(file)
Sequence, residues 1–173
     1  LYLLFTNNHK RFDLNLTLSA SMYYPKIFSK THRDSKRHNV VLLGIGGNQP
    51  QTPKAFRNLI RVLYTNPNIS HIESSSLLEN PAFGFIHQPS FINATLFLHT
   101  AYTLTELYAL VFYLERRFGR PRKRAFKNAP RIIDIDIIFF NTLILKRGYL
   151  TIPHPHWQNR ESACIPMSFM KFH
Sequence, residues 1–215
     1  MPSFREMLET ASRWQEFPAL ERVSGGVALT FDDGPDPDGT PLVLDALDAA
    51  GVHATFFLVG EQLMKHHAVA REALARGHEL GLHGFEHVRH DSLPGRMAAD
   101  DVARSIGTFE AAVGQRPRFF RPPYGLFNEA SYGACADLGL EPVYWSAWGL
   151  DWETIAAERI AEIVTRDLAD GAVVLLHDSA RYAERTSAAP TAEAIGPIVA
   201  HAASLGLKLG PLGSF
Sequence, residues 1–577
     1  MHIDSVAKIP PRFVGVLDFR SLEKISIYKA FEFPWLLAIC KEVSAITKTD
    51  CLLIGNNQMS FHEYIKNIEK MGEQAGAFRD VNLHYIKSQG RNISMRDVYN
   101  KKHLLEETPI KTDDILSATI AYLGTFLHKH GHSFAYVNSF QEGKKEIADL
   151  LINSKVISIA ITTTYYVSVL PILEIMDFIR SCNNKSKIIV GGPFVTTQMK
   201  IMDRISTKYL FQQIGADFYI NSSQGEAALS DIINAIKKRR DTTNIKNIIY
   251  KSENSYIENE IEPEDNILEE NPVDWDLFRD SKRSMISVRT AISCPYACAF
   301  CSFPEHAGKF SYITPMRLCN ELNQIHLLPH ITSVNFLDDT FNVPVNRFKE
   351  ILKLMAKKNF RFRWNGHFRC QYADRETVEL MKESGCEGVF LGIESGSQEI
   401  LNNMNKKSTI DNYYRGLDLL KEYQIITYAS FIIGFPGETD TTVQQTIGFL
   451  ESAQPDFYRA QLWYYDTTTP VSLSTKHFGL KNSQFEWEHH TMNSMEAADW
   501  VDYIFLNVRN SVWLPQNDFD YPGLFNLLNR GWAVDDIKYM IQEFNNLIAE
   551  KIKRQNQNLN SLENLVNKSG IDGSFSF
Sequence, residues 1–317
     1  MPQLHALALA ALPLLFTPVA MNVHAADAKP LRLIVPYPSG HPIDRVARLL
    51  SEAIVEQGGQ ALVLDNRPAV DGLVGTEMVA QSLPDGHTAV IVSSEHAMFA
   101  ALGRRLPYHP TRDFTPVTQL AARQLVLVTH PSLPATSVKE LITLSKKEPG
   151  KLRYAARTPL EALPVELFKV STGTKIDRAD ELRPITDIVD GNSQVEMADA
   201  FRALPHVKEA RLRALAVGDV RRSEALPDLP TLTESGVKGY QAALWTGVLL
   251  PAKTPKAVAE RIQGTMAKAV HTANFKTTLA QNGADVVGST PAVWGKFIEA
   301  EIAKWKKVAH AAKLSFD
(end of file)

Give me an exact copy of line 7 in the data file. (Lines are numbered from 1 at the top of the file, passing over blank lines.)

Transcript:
     1  MPSFREMLET ASRWQEFPAL ERVSGGVALT FDDGPDPDGT PLVLDALDAA